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I highly doubt youíd be able to identify the Burton Albion badge if it were sewn on those very same blazers. With or without a visible badge, itís clearly obvious those players are part of an organisation since theyíre all literally wearing identical outfits.
But without any identification as to what that organization is, its nowhere near as likely to draw attention. For all the average person knows, they might all work at the same hotel or bank.

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Again, you present another extremely poor example of two teams occupying the same city. Of course Celtic and Rangers squads go around Glasgow in team wear during official functions...both teams call the city home FFS.
That wasn't what the claim was. The claim was that sports rivalries =/= ethnic tensions. Often they DO involve ethnic tensions. Would Rangers be rolling through a Catholic neighborhood in full team bus and gear?

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why wouldnít they walk through the streets of Basque Country with their Spanish team mates in Spanish FA gear during official events?
Because many Basques don't see themselves as Spanish and view the Spanish government with displeasure. And that's before we get to Catalonia, which has an active secession movement that has seen mass protests and political leaders imprisoned.

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As long as both events are official team events...both sets of squads would be in full team wear. Thatís how itís done in the majority of sports around the world.
And just as often they'd be dressed casually.

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So in which sport would teams have a lot more down time again? Try not to pull things out of your arse this time
Again, the training for baseball is far different from football. Baseball is a game of repetitive motion and skill. It is much closer to bowling, darts, and golf in its nature. Hence why there are fat baseball players.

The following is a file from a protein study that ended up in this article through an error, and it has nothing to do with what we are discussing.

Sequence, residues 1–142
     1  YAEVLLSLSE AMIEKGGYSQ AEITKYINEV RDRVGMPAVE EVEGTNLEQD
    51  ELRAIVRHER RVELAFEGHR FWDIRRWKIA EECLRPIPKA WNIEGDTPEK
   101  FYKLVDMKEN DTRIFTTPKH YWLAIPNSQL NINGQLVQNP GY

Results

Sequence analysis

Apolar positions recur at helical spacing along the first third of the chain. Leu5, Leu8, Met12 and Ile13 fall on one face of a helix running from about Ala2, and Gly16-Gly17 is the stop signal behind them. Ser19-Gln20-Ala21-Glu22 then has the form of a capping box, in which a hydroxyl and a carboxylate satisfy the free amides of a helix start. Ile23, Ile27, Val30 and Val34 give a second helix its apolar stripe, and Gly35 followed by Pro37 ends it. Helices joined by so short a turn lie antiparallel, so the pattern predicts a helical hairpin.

Football requires a much higher level of physical conditioning. It is also much more tactically focused and you can have vastly different playstyles  from match to match. A rainy day in Stoke match is going to be much different compared to playing a Top-6 side or whomever.

Baseball you do the same thing every day. You do the same thing you've been doing since 6 years old. Not much changes game to game except which pitcher you're facing and usually that is covered in film. A baseball player's skills do not change if they train for 1 hour a day vs. 4 hours. In fact, given the nature of the sport, for pitchers especially, rest and not-training are more important. You can play a game of baseball and literally never break a sweat.

This is why the 1986 New York Mets were able to go out binge drinking after every game, wake up hung over and do lines of blow and then go out and play. You couldn't do that in football if you played every day.

There's more to the equation than just "X number of games multiplied by duration of each game" to determine how much training and downtime is involved. Also U-18 tournament baseball might be far different, particularly for kids.

Why is it so hard to just admit that this kind of stuff happens in other countries to? I admit that not feeling safe has no business in sport.


Yes why would the Japanese fear overzealous Korean nationalism?
Have their been any threats made against the team? Mass protests planned?

We have this one incident, which was condemned by the public, and which, according to THE VICTIM, was not political in nature, but was instead a case of a drunken sexual harasser, turned violent.

I understand Japanese parents wanting the team to take every precaution (if nothing else, this whole trip is a liability nightmare), but let's not pretend there's some sort of mass wave of violence. If anything, I've noticed that Korean citizens are really taking care to emphasize Japanese citizens and tourists vs. the Japanese government and you hear this mentioned repeatedly.


  • waygo0k
  • The Legend

    • 3858

    • September 27, 2011, 11:51:01 am
    • Chungnam
DM, for pete’s sake please stop pulling random and incorrect shit from your arse and trying to pass it off as fact.